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Belize Tracking, Bird Language Training

June 6, 2018

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Belize Tracking, Bird Language Training

June 6, 2018

6 Day Training for TIDE Rangers

Naturalist Ventures conducted a six day training in southern Belize for a group of park rangers who work for TIDE Protected Lands.  TIDE is a conservation NGO that oversees approximately 20,000 acres of contiguous forest linking other protected lands in the Toledo District of Belize.  These conservation allotments act as a biological corridor for important species such as the jaguar, Baird’s tapir, ocelot, white-lipped peccary, and many other endangered and important mammal species, as well as innumerable birds, reptiles, and amphibians. The lands under TIDE's management include coastal plain broadleaf forests, pine savannas, riparian areas and mangrove forests along the coastline. 

 

The goal of the training was to improve the skills of the rangers in recognizing and accurately identifying wildlife tracks and sign, and increasing their understanding of bird behavior and communication.  The individuals in the group had many years of field experience, and several of the rangers were already accomplished trackers and extremely knowledgable birders, in addition to being well rounded naturalists with an in depth knowledge of the Yucatan peninsula's tropical environment. 

 

The primary responsibilities they have on a daily basis include on-foot patrols to prevent poaching and other illegal activities, monitor ecosystem health, and guiding duties to take researchers, students, and tourists through the protected lands to observe the diverse array of fauna and flora in the area.  Hence, having improved capabilities in tracking and bird language will bolster their effectiveness in finding  species on the landscape, in addition to recording and observing animal interactions, and documenting or preventing illicit activities by unauthorized individuals.

 

 

The Fundamentals of Wildlife Tracking course constituted the first 3 days of training, two of which were cheld along the dense jungle paths and roads of Cockscomb Wildlife Sanctuary, the world's first jaguar preserve setup by Dr. Alan Rabinowitz in 1986.  Casey McFarland, a Senior Tracker and International Evaluator with Cybertracker Conservation, led this portion of the training and instructed the rangers in how to accurately identify dozens of species of animals, differentiating between similar species using subtle variations in track morphology (e.g. palm pad shapes in jaguars vs. mountain lions).  Recognizing animal gaits was also discussed, including how to analyze an animal's behavior based on its type of movement and speed, as well as how to identify animal sign like scats, scrapes, runs, nesting areas, and feeding sign among many others.

 

 

On the 3rd day of the tracking training, the group moved to TIDE's protected lands and undertook a trial exam in the field, similar to the rigorous tests given by Cybertracker during their official tracking evaluations.  All of the rangers passed the exam, including several who graded out at the highest level (Level III), thus showing how much they had absorbed during the previous two days and preparing them for a full evaluation in the future.  Over the course of the three days, tracks found included those of jaguars, mountain lions, ocelots, margays, tapirs, gray foxes, armadillos, coatis, pacas, peccaries, white-tailed and red brocket deer, several species of opossums and skunks, and numerous rodents, reptiles, birds, and amphibians.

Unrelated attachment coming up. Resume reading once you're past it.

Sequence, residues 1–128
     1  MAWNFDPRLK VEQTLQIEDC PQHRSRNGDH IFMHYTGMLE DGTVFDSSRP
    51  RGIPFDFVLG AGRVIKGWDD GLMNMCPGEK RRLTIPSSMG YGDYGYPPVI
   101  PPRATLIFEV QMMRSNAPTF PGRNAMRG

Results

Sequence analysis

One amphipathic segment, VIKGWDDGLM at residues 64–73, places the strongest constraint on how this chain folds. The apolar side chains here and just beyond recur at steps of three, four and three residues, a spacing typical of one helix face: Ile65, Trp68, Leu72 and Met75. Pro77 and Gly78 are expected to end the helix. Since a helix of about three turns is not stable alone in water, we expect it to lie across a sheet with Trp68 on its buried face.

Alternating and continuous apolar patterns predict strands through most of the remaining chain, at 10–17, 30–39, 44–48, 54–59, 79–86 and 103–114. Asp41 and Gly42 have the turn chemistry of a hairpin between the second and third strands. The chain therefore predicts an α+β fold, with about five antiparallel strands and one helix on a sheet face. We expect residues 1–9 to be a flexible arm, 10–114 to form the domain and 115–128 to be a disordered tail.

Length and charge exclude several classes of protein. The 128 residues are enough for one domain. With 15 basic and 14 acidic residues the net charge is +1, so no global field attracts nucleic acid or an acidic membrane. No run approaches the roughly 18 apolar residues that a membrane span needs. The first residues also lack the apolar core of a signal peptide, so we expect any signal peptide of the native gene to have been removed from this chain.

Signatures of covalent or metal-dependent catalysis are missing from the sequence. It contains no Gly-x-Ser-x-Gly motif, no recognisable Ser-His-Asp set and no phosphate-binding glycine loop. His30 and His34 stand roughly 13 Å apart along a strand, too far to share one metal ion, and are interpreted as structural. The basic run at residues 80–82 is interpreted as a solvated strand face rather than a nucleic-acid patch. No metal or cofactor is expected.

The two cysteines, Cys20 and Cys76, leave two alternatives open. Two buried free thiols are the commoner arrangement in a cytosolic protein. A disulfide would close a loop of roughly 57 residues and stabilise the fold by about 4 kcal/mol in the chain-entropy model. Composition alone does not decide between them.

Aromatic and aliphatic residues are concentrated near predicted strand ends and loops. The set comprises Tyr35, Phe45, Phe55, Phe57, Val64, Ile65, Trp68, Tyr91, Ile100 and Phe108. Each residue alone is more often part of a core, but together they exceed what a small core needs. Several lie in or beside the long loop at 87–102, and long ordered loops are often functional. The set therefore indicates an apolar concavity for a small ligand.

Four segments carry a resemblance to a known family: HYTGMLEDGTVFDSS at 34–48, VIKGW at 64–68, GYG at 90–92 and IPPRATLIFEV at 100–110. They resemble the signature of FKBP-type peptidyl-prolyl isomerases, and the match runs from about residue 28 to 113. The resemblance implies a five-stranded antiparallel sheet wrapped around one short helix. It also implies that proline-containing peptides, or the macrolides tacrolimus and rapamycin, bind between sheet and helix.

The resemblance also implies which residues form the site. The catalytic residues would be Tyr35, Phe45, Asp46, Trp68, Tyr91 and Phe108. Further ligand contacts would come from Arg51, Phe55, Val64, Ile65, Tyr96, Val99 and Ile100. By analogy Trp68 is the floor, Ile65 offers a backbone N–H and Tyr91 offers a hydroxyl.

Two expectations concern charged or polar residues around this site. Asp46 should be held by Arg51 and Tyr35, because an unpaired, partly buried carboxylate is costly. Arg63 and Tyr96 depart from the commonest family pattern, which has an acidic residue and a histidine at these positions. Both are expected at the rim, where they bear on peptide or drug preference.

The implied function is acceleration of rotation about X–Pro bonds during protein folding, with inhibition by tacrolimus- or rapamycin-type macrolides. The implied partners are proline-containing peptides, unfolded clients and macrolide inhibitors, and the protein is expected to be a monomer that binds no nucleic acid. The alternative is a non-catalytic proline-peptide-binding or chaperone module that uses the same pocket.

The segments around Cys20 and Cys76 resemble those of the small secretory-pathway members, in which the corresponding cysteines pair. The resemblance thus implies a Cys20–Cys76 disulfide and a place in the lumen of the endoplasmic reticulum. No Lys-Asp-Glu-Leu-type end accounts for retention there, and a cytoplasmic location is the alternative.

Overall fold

After completing the tracking portion of the program, the rangers participated in three more days of training known as Bird Language Principles.  While several of the them already possessed expert knowledge of the resident and migratory bird species that inhabited Belize, the higher level concepts of bird language were new to them and added tremendously to their understanding of bird/animal behavior and inter-species communication.  The group learned about The 5 Voices of birds, the shapes of alarms, and other advanced topics like concentric rings and wake hunting. 

 

 

Each morning, they performed a group 'sit' in the field where they spread out and recorded bird calls, movements (including direction), and other behaviors for about an hour.  Then a debriefing session was held, where they were taught how to conduct a bird mapping exercise and plot all the information they had gathered onto a large board depicting bird activity that occurred over time.  During the three days, they learned to synthesize the individual bird behaviors into larger patterns and interpret what was occurring on a macro level on the landscape. 

 

Going forward, when they go out on patrols or with a group of researchers, they will understand the clues the birds are giving them as they walk through the forest, and will know that a large cat like a jaguar or mountain lion is likely ahead, or that a raptor just flew nearby, or that a small mammal is robbing a bird nest!

 

 

 

 

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